Sarkus's explanation is correct. The most common example is the purchase of a house. The bank loans you the money to pay the seller, and you take out a mortgage, which gives the bank the legal right to take the house away from you if you stop making the monthly payments. In this case, the house is the collateral.
    Oddly enough, this phrase has two meanings that are quite similar, yet almost the opposite of each other.
    • 1. In one case, when you draw a line in the sand, it is a limit, beyond which you will never go.
    • 2. In the other case, when you draw a line in the sand, you have made a choice to take an action, make a move, etc., and never go back.
     
  13. Saint Valued Senior Member

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    Vestibule is what?
     
  14. Saint Valued Senior Member

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    I wish I could have chance to go to Canada for holiday/holidays.

    plural?
    Is this sentence well written?
     
  15. Michael 345 Valued Senior Member

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    • Holiday - go once
    • Holidays - multiple times
    Humpty Dumpty organising holiday for Easter in Bali. Have had many holidays there. May pick a new hotel for this holiday.
    Poe not decided yet

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  16. Fraggle Rocker Staff Member

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    A vestibule is a small room used primarily as a passageway. For example, it might be just inside an exterior door, where people can walk in and hang up their warm clothes, umbrellas, etc.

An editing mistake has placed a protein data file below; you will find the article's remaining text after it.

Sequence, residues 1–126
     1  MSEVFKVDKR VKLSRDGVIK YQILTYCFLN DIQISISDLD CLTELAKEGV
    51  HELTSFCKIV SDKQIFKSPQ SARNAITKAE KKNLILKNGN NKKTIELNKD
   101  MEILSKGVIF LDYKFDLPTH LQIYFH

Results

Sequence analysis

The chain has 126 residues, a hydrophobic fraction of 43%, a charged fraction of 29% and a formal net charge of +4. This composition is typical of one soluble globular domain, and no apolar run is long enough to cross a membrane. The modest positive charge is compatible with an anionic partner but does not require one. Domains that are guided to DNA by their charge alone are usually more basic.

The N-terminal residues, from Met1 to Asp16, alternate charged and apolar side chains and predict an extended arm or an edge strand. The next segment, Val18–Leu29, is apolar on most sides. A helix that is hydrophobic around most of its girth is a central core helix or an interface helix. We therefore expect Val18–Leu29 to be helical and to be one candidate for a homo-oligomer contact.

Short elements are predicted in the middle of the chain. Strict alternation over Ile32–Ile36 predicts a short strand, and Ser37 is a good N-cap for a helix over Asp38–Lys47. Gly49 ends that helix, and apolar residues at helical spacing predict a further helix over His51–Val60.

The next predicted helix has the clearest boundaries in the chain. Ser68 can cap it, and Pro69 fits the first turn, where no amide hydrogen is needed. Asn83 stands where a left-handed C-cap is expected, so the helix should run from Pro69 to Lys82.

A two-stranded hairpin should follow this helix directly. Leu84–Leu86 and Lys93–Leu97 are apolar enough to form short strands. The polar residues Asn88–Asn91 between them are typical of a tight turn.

Railroad trains also have vestibules. If you want to go from one car to another, you will pass through a vestibule. When you close the door you came through, you will not affect the heating or the air conditioning in the car you left.
    In American English, we use the word "vacation" to mean a week or two (or perhaps longer) when we don't have to go to work. We can then leave home and go somewhere else to enjoy the scenery, the weather, the sports, cultural events, food, museums, etc.

    The British call this a "holiday." I believe that the Australians and New Zealanders also use the word this way.

    In both the USA and the U.K., the plural form "holidays" refers to the Christmas season, with all the parties, banquets and other forms of merriment. Christmas Day and New Year's Day are legal holidays when we do not have to go to work, but we call the whole time of the year "the holidays," even if we spend most of the time at work.

    We also have other holidays which are only one day, such as Thanksgiving, Independence Day, and President's Day.